Flash Flood Warning issued July 28 at 7:39PM EDT expiring July 28 at 10:45PM EDT in effect for: Franklin, Ripley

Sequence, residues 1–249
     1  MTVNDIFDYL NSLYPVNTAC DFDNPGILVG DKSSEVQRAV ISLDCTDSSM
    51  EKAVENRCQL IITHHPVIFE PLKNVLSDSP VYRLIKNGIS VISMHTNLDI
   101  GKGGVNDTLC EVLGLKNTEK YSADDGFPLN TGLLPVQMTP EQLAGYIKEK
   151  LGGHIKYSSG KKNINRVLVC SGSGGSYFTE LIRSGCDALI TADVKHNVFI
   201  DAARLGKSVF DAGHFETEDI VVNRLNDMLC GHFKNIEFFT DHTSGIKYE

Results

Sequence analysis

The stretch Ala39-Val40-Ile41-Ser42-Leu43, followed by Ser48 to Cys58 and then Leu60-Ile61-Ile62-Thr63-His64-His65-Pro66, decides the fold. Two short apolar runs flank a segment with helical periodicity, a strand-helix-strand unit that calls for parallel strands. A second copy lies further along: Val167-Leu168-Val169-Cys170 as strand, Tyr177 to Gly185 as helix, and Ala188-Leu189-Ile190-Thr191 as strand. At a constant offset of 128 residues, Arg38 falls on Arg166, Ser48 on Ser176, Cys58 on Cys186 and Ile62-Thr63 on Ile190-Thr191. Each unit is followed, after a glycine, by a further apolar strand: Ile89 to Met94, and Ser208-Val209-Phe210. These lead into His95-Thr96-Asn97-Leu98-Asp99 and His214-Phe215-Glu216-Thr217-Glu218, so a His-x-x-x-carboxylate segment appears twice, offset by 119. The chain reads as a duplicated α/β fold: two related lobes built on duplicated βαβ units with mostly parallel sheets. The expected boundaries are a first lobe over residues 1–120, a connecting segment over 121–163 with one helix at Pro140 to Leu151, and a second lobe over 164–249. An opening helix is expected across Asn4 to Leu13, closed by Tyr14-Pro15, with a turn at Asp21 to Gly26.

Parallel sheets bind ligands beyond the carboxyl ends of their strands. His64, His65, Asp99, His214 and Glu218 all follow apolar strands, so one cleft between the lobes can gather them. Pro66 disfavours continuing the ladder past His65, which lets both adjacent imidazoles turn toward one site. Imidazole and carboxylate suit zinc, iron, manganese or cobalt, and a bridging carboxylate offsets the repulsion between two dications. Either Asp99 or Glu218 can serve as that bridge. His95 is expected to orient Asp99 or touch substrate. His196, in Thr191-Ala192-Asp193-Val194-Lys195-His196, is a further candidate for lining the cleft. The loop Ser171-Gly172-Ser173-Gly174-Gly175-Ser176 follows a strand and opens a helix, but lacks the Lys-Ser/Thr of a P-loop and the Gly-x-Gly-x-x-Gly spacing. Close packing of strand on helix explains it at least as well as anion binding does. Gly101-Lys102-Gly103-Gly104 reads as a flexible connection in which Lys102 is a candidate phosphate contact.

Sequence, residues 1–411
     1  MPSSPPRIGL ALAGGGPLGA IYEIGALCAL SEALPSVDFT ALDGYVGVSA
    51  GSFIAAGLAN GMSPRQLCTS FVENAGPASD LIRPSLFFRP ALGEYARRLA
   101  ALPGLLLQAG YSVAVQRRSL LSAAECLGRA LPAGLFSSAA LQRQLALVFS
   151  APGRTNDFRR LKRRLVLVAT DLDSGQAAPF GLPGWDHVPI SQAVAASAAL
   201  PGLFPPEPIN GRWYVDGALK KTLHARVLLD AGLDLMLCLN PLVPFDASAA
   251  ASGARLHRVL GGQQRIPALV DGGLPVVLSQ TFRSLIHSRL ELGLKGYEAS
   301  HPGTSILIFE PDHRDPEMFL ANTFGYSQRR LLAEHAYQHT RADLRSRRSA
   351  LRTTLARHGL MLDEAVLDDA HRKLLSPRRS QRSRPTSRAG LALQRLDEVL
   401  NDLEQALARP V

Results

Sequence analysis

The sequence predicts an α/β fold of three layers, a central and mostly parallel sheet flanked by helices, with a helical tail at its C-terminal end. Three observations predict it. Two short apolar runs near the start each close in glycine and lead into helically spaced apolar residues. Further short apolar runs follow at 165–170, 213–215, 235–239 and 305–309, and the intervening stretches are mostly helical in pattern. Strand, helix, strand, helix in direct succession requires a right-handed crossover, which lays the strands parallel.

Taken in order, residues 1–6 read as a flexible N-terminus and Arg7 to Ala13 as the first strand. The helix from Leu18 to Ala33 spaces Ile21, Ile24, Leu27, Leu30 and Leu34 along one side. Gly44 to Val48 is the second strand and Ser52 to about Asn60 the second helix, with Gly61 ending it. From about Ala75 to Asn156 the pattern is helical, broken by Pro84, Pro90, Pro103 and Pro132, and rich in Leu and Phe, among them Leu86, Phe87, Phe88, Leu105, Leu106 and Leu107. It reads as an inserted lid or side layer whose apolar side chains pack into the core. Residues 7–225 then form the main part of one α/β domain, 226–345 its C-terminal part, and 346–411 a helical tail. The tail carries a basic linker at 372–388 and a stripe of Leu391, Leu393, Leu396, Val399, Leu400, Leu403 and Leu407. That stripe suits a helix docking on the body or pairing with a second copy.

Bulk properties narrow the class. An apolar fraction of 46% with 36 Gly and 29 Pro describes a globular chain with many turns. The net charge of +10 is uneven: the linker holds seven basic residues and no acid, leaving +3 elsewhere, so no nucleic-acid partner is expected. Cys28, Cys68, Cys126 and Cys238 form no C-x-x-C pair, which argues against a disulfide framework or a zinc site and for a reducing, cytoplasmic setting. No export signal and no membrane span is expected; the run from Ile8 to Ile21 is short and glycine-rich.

State refunds for Indiana taxpayers will likely be bigger than first expected, Gov. Mitch Daniels said Tuesday.The governor signed into law a bill that refines the automatic taxpayer refund that's triggered when the state surplus exceeds 12.5 percent of the state budget, RTV6's Norman Cox reported."This, of course, makes Indiana a state that says at some point, when budgets are balanced and reserves are full, the state should stop collecting money and leave it with the people who earned it," Daniels said. "We think it's a very important principle."The refunds will come as an add-on to next spring's regular refunds.Originally, key lawmakers had predicted the refunds would be $40 or $50 per taxpayer. But Daniels had a rosier projection Tuesday."Although we won't know until the end of June when we close the books, we're raising our estimate of what this refund is likely to be to something closer in the area of $70 an individual, $140 for a joint return," he said. "Three-point-three million Hoosiers will receive it, more or less."To qualify, a person will have to file state income tax returns in both 2012 and 2013 and have paid at least some income tax in those years.Hoosiers will have to file to get the refund from the surplus, but it won't be a separate piece of paperwork from the regular income tax."It'll be on the tax return. We think that makes it easier for taxpayers, as well as administratively cheaper and more efficient for the state," said Sen. Brandt Hershman, R-Buck Creek. "So you'll simply figure out what you owe the state, and then you will reduce that liability by either the single amount or the double amount if you're filing jointly."House Speaker Brian Bosma said the refunds are possible because of two reasons -- the state economy is doing better and generating more revenue, and government held the reins on spending, protecting the surplus."We were able to weather the storm that took so many other states down a very bad path, and it was because we treated this like we treat our own family budgets and our business budgets," he said. "We haven't spent money that we don't have."